“Now that is some big water,” I exclaimed as the custom-built center console with a brand new 115-hp Yamaha four-stroke slid off the trailer. Noel Pollack, dorado guide extraordinaire, walked by and slapped me on the shoulder exclaiming, “You’ll live, and it will fish. Trust me.” Now the far shore, which I was certain would be Paraguay (it was not), was but a green shadow on the water just peeking above the horizon. The morning was still cool but cloudless and windless. It promised to be a hot day on this border river, and that was an understatement.
The head guide of the program, Fabian Anastasio (many of you have fished with from Bolivia to Tierra del Fuego) fired up the engine and we were off, sliding effortlessly across the pond-calm water to what I thought was the far bank. As we approached, I noticed that the shore was not continuous. It was a lattice of side channels and braids that turned this mammoth water into a series of intimate and manageable sections. A guy could get lost for a week here casting flies to fish that had never seen a fly much less eaten one.
Thus began my first day on the Parana River, fishing for golden dorado as powerful as this river herself. We would also fish for dry fly sipping, knuckle cracking pira pita that I would later learn could nearly disintegrate my Sage six-weight rod. But, perhaps I should backtrack a bit.
Alto Parana is a new destination offered by the Nervous Waters family of lodges and is located approximately 100 kilometers west of Posadas in Miniones Province. Posadas is a gateway city between Argentina and Paraguay on the Parana River. The lodge is in the final stages of a renovation to bring it up to the standards and similar “look and feel” found around the world at all Nervous Waters properties — exceptionally comfortable and well-appointed. Accommodating just four anglers at any one time, Alto Parana offers single room accommodations at no additional cost. That’s unusual for fishing lodges and is welcomed after a long day on the water. Seasoned manager Carolina Coco was involved in developing many lodges in South America and has an eye for all the little details as well as a knack for customer service. Rest assured, you’re in good hands with Carolina. Now, let’s get back to the fishing.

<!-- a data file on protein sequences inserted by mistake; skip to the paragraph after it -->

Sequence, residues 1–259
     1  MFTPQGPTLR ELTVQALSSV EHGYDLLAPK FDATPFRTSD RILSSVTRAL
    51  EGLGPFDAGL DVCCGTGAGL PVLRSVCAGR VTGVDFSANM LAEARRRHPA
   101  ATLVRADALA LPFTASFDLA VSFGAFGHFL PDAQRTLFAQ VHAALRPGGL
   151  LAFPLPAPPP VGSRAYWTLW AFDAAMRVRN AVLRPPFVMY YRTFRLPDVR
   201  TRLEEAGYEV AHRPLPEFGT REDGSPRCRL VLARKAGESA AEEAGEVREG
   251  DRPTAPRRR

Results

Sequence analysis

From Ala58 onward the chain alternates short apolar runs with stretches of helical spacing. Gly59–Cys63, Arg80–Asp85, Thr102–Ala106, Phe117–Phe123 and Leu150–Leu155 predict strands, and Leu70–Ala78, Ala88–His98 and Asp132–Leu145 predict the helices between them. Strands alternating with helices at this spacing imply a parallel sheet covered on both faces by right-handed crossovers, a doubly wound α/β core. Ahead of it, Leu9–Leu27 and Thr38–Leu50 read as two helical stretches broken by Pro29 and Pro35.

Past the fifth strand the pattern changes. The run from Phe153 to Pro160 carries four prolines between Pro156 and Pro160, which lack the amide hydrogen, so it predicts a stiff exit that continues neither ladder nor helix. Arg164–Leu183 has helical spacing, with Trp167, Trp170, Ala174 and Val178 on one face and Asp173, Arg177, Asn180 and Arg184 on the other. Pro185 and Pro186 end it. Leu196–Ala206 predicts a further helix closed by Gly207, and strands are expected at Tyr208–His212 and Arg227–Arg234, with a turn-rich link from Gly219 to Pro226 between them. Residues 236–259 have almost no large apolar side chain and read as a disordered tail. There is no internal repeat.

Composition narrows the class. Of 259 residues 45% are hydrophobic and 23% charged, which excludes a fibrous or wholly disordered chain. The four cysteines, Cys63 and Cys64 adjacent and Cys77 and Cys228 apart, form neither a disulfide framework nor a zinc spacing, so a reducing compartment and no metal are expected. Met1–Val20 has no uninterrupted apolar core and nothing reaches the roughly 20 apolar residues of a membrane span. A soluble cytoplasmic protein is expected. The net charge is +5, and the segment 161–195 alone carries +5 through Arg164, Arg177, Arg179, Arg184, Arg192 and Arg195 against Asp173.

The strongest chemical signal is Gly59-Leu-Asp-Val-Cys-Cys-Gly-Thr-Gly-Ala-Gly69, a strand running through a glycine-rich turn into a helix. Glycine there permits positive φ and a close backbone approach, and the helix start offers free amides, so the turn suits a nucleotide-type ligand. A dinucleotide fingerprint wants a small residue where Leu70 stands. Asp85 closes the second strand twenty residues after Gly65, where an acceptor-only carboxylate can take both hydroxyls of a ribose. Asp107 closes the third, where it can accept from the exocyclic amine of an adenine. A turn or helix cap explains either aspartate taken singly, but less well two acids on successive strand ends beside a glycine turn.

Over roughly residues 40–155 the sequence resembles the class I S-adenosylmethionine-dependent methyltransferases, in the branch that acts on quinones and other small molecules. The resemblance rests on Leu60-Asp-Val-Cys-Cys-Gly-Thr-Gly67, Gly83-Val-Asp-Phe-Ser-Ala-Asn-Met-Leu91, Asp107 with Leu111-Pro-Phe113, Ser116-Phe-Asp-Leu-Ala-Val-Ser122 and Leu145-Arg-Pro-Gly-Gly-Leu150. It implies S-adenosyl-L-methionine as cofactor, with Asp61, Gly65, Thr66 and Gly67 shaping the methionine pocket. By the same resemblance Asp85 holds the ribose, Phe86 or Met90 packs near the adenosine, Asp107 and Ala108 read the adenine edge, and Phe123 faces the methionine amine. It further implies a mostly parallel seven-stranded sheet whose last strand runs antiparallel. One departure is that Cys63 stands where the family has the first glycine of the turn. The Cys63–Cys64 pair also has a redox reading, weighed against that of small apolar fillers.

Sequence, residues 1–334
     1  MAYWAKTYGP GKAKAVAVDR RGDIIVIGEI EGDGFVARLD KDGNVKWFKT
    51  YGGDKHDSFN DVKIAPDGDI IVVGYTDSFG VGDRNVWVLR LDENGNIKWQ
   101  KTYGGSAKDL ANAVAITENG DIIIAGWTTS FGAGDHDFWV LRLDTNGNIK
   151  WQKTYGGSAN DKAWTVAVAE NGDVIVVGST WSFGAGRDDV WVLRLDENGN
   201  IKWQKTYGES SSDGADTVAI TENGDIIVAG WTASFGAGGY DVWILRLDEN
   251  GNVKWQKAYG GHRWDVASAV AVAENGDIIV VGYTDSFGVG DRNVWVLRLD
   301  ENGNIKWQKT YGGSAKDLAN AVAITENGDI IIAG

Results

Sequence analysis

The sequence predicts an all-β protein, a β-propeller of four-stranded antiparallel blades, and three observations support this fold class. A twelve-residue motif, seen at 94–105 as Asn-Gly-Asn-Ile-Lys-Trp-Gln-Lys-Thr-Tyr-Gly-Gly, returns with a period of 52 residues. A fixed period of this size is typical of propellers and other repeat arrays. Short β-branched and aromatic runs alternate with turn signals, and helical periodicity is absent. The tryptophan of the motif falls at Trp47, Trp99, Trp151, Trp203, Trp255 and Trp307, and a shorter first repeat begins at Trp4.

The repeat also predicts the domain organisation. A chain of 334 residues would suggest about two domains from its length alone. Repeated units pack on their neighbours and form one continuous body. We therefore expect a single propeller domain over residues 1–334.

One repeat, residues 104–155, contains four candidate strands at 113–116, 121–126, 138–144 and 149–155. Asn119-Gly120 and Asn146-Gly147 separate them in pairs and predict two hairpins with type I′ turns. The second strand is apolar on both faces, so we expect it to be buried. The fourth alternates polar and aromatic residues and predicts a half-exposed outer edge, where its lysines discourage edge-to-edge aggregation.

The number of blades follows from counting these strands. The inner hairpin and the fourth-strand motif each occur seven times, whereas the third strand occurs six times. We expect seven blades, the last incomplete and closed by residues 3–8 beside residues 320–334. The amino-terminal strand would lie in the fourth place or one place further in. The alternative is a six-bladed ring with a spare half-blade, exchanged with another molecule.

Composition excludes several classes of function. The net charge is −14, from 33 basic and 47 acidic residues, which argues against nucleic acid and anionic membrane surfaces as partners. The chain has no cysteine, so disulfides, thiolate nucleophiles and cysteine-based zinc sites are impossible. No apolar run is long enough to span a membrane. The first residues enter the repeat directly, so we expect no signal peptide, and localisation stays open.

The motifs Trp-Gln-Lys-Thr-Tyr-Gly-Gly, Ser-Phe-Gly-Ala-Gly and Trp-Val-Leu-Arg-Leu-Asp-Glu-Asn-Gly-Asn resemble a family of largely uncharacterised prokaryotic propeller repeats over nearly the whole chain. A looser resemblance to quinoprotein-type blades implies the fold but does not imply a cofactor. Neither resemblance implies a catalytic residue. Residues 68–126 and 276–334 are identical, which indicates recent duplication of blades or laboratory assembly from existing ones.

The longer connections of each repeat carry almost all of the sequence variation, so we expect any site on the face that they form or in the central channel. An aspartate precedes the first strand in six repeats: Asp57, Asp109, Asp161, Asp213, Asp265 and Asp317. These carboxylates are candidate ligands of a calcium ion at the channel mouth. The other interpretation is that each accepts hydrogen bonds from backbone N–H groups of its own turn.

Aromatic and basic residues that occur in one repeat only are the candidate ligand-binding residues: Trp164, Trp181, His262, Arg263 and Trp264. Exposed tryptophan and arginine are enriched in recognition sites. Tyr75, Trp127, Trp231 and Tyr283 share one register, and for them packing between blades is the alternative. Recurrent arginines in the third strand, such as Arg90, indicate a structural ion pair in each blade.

The Parana reminded me of jungle fishing in the Amazon. We used spun deer hair streamers for dorado and smaller patterns along with big dries for pira pita. Our casts needed to be close to the deadfalls and as deep into the shade of the overhangs as possible. Big river fish, much like saltwater species, have a power that many other fish can never achieve. They know how to use current and structure to their full advantage. In the side channels, you have to scissor strip hard, use the body of the rod and get the fish on the reel quickly otherwise you’re in the timber or broken off — that’s just the way it is.
When temperatures are warm, the pira pita action is continuous and there is always the chance for dorado to be lurking around. On the main river in the rocks and jetties, the current boils up and a combination of sinking and floating lines with gaudy files will bring fish off the piles. Here even small fish will mess with you and the big ones can be downright work. Think striper fishing on the tide in Montauk or Fishers Island but add bluefish teeth. The atmosphere is beer-casual and tequila-crazy all at the same time.
So that’s my story for now. Keep your eyes peeled for future blog posts highlighting some visual marsh fishing at Pira Lodge in the Ibera Marsh and the Delta Day Program fishing off the beaten path but with the Buenos Aires skyline in clear view . . . epic.
By: Hank Ingram, South America Department Manager